The June 2021 issue of Texas Monthly Credit: Courtesy / Texas Monthly

The authors’ examination began with a skirmish with current Land Commissioner George P. Bush. Bush’s office refused to release copies of the receipt books that documented descriptions of items in the collection. Only after the authors won an appeal to the attorney general’s office under the state’s Open Records Act did the GLO release them, blacking out the prices Collins paid.

Most of the receipts included “certificates of authenticity” that were signed by Sam Nesmith, a former curator at the Alamo and a longtime staffer at the Institute of Texan Cultures. The authors describe many of the certificates as “a master class in how to weave compelling tales with carefully hedged language.

“Nesmith’s certificates begin with detailed professional descriptions of the objects, then launch into prosaic storytelling,” the authors write. “He is particularly vague about certifying a shot pouch said to have belonged to Crockett, which Collins bought from Guimarin in 2009. In his write-up, Nesmith uses many passive sentences and avoids an explanation for his attribution. The pouch, Nesmith wrote, “was recovered from the personal effects of Colonel José Enrique de la Peña,” who died in 1840, four years after the Battle of the Alamo. Nesmith wrote it was listed in a probate inventory of the colonel’s estate, and “these items were given to Don José Enrique de la Peña, while serving at the Alamo during the war in Texas, by ‘D’ David Croquet in appreciation of de la Peña’s attempts to save his life.’”

Let’s leave aside the fact that such an account favors those who believe Crockett was captured rather than heroically going down fighting like John Wayne or Fess Parker in their portrayals of him. The book authors write: “Every Alamo-head is aware of the probate document, but how does Nesmith know this particular pouch is the one mentioned in the document, the pouch that belonged to Crockett? He never explains.”

The authors cite a “similarly fanciful certification of the knife said to belong to Travis.” The certification is by memorabilia dealer Alex McDuffie and Nesmith, who mentored McDuffie. “Collectively, an unbiased conclusion can be drawn that the [lot] is true Texana material,” the certificate says. “More importantly, when considered as a whole, research into the clues left behind on each artifact suggests a common point of origin, a definite association with a specific individual within a very narrow historic window; the attribution is solid and beyond probability.”

The authors conclude: “Nothing in the five-page certificate offers proof for any such claim.”

The authors write that Nesmith made a strong impression on McDuffie by encouraging him to “trust your gut” when assessing the authenticity of items. But apparently Nesmith himself sometimes thought more exotic backup was useful.

“Nesmith’s oddest testament,” the authors write, “is reserved for the Musso Bowie knife.” Los Angeles collector Joseph Musso owned what he believes to be James Bowie’s personal knife. Through the years Musso had hired metallurgists to test the knife and they found it to be from the right period and made of appropriate materials.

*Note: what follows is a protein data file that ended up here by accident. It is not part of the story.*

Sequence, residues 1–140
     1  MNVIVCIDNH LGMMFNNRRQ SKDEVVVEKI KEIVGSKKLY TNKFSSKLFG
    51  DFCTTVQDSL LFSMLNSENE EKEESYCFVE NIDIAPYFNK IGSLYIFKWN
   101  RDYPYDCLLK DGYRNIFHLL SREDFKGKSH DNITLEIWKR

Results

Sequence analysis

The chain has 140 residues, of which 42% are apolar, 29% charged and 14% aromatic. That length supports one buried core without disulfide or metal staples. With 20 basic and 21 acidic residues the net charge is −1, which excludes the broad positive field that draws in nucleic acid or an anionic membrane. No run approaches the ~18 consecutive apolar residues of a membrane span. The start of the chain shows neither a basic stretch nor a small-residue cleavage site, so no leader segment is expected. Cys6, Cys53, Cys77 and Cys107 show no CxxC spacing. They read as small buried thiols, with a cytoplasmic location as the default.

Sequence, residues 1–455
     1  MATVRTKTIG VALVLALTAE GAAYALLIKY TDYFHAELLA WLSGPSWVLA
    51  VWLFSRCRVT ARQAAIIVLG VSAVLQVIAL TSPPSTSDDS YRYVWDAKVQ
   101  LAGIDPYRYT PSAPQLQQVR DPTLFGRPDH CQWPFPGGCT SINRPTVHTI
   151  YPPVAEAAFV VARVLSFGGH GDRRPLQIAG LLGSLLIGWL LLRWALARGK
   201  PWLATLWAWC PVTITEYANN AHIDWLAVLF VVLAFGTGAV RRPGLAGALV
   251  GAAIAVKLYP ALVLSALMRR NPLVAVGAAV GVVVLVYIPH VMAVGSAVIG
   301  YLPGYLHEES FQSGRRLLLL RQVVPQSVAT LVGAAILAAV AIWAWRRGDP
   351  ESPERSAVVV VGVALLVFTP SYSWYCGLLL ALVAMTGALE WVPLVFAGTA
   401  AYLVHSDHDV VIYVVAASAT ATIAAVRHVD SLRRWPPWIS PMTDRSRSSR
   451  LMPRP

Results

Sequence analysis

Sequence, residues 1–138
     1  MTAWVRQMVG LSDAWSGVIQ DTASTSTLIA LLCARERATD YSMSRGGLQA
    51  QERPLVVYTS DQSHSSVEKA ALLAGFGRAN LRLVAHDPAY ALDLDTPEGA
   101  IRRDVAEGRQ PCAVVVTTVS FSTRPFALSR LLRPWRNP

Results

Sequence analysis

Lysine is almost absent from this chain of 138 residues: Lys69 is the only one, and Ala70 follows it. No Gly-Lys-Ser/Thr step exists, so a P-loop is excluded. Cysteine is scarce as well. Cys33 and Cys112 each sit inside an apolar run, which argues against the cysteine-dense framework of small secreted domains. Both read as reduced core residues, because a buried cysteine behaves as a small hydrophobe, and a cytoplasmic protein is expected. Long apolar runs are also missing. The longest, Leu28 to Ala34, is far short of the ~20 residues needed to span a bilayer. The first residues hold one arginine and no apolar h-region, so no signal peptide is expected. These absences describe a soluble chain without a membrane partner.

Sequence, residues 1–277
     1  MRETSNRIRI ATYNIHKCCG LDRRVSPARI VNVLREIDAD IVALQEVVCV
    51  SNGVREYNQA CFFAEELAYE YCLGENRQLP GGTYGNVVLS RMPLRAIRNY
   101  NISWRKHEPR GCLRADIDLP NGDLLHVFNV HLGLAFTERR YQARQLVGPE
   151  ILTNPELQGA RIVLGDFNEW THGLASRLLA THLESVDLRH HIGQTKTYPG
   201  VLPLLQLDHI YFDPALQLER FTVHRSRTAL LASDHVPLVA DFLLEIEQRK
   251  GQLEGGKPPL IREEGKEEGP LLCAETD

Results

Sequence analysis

“Musso decided to take the knife to a psychic,” the authors wrote. “But because, he says, he doesn’t really believe in the paranormal, he wanted the best: Peter Hurkos, a Dutch clairvoyant who claimed a head injury had given him special powers. ‘I figured he was the only one I could believe in because he was decorated by a Catholic pope and he was supposed to have an eighty-seventh-percentile degree of accuracy.’” 

The authors cite an essay by Nesmith accompanying the authentication document titled “Sam’s Psychic Impressions on J B’s Knife.” 

“In this performance Nesmith channels the story of a young Mexican soldier discovering a brass-back knife after the Battle of the Alamo and his sergeant confiscating it,” the authors write. “The sergeant’s commander then takes it for himself. And so this tall tale goes on, until the knife ends up in California (which is where Musso bought it at a gun show). Another supposed authenticator, described as ‘a descendant of one of the martyrs of the Alamo and a forensics analyst,’ offered what he called his ‘independent psychic impression.’ He declared, ‘There is an incredibly overpowering sadness associated with the knife.’”

But it was master psychic Hurkos’ performance that most impressed Russo: “Hurkos, who had worked on the Charles Manson and Boston Strangler cases, agreed to a meeting, Musso says. After Musso handed him a brown paper bag with the knife inside, Hurkos reportedly named the man who had sold the knife to Musso. Musso says he then laid out several photos facedown and Hurkos pointed at one, which Musso then flipped over. It was Bowie’s portrait; Hurkos declared the knife had belonged to him. To Musso, this was just another piece of evidence that would help him build a case for authentication.”